from the nucleotide database of NCBI (GenBank).
Τhesequences werealigned usingClustalW (7homson
et al., 1994) and phylogenetic trees were constructed
using Maximum Likelihood (ML) and BayesiaQ
Inference (BI) methods. The model selection was based
on the Bayesian Information Criterion (BIC; Schwarz,
1978) using jModelTest v2.1.10 (Posada, 2008; Darriba
et al., 2012). ML analysis was performed in MEGA
v7.0.26 (Kumar et al., 2016), and the confidence of each
node of the best ML tree was examined with a bootstrap
analysis of 1000 pseudo-replicates (Felsenstein, 1985).
BI analysis was performed in MrBayes v3.2.6 (Ronquist
et al., 2012) for 106 generations, and the current tree
was saved to file every 500 generations. The first
25% of the trees were discarded by default, to avoid
the possibility of including random sub-optimal trees.
The obtained sequences of Anatololacerta specimens
from Kastellorizo and Psomi islet were deposited in
Figure 1. (A) Map showing the location of Kastellorizo
Island, Greece. (B) A more focused view of the island group
comprising Kastellorizo, Ro, and Strongili islands. The
dotted line represents the national border between Greece and
Turkey.
the GenBank nucleotide database with the accession
numbers MH041496 and MH041497 respectively..
Results and Discussion
Kastellorizo
In total, two species of amphibians and thirteen species
of terrestrial reptiles were observed and photographed
by the authors on Kastellorizo Island during six field
expeditions between September 2009 and August 2017
(Table 1).
Lyciasalamandra luschani (Steindachner, 1891),
Luschan’s Salamander (Fig. 4A).—The presence
of this species on the island has already been reported
several times (e.g., Kiortsis et al., 1974; Valakos and
Papapanagiotou, 1985; Tzannetatou-Polymeni, 1986;
Paysant, 2005). Luschan’s Salamander is a very
common species that was found almost everywhere on
the island. Large numbers of this species were observed
in a variety of habitats during nocturnal surveys and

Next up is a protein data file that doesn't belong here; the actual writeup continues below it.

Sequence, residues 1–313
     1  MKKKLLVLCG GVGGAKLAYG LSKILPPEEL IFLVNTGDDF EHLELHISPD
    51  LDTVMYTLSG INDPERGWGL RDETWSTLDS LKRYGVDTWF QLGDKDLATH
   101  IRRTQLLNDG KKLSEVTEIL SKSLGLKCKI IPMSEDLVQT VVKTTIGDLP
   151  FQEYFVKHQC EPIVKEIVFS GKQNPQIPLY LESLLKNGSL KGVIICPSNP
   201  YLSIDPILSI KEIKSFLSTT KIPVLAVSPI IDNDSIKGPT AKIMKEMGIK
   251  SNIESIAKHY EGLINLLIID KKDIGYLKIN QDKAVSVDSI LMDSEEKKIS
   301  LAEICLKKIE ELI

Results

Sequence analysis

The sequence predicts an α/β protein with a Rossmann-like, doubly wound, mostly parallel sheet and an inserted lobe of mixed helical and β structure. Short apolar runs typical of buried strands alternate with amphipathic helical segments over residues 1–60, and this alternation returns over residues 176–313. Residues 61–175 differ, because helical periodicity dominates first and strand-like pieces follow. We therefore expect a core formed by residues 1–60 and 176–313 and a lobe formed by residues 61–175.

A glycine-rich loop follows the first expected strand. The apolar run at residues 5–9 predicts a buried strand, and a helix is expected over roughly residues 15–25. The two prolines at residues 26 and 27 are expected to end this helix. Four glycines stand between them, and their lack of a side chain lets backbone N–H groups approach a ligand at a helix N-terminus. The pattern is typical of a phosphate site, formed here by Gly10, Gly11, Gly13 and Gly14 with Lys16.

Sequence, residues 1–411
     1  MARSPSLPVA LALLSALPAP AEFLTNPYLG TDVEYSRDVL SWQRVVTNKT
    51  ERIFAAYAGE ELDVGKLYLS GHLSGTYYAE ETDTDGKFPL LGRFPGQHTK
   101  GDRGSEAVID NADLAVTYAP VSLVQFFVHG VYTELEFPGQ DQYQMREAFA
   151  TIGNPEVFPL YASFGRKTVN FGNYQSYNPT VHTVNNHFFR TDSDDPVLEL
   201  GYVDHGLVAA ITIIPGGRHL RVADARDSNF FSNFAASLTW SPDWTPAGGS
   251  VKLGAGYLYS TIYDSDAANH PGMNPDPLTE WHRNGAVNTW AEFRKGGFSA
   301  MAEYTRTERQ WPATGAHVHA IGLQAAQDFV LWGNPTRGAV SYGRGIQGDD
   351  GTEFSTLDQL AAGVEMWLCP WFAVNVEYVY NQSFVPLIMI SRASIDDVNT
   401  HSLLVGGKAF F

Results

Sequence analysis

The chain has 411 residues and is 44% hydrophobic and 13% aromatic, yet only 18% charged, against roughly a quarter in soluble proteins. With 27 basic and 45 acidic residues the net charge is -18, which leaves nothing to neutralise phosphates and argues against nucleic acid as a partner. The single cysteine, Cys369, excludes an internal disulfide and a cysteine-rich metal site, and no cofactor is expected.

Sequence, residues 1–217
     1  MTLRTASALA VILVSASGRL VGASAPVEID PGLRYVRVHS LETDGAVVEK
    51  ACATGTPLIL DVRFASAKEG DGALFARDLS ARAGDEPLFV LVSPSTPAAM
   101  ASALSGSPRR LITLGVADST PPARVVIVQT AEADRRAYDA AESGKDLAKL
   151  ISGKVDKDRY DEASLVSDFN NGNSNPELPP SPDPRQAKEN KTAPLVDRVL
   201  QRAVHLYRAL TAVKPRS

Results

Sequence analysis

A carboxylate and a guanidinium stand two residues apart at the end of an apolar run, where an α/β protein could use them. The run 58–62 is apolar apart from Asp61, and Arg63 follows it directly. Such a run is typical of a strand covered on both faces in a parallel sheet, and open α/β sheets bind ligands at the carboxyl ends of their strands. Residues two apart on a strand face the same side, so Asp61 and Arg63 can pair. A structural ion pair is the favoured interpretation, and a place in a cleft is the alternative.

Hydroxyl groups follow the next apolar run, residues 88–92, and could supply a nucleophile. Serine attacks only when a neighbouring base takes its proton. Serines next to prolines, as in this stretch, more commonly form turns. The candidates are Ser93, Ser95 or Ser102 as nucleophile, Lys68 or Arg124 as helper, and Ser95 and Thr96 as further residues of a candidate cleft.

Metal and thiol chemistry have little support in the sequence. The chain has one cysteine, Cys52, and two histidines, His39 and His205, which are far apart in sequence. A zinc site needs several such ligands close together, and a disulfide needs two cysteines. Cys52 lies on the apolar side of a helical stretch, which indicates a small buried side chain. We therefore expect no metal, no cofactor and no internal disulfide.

even during daytime it was found under stones on
humid substrate. Most observations were made at night.
New records and an updated list of the herpetofauna of Kastellorizo and Psomi 1011
Figure 2. Typical landscape covered with phryganic vegetation on the central plateau of Kastellorizo (A) and the three new
records from the island (B-D). (B) Pelasgian Rock Lizard (Anatololacerta pelasgiana) in the settlement of Megisti in May 2017.
(C) A dead specimen of Dahl’s Whip Snake (Platyceps najadum). (D) A dead specimen of European Cat Snake (Telescopus
fallax). Photos by Ilias Strachinis (A, B), and Philippos Katsiyiannis (C, D).
However, during a rainy day in March 2017 numerous
salamanders were found, at daytime, on the ground or
climbing on walls. In a single night in May 2017 (1717°C,
humidity 88%, and calm wind), over 300 individuals,
including many salamanders in amplexus position, were
recorded on a 200 m distance track on a dirt road inside
the settlement. Individuals of L. luschani were found
around the settlement of Megisti, where the higher
numbers were recorded, but also on the island’s plateau
and Acheres plain.
Bufotes viridis (Laurenti, 1768), European Green
Toad (Fig. 4B).—The European Green Toad was first
mentioned on the island of Kastellorizo by Paysant
(2005). During our expeditions, we observed few
adult individuals of B. viridis around the settlement
of Megisti, road-killed specimens on Acheres plain,
and several tadpoles inside an old metal barrel on the
island’s plateau. Since their reproduction cycle is
completed in water, toads of this species are dependent
on the presence of water bodies. The main sites of water
sources on the island consist of artificial reservoirs set
to collect rainwater, temporary flooded fields on the
island’s plateau, and shallow limestone depressions.
Apart from the scarcity of reproduction sites on the
Konstantinos Kalaentzis et al.
1012
Figure 3. (A) Psomi islet and the adjacent Turkish coast as seen from Megisti. (B) Mediterranean Thin-toed Gecko (Mediodactylus
cf. danilewskii) collected from Psomi. (C) The specimen of Budak’s Rock Lizard (Anatololacerta budaki) collected from Psomi.
Photos by Peter Oefinger (A), Konstantinos Kalaentzis (B), and ,lias Strachinis(C).
island, individuals of the species also face a threat while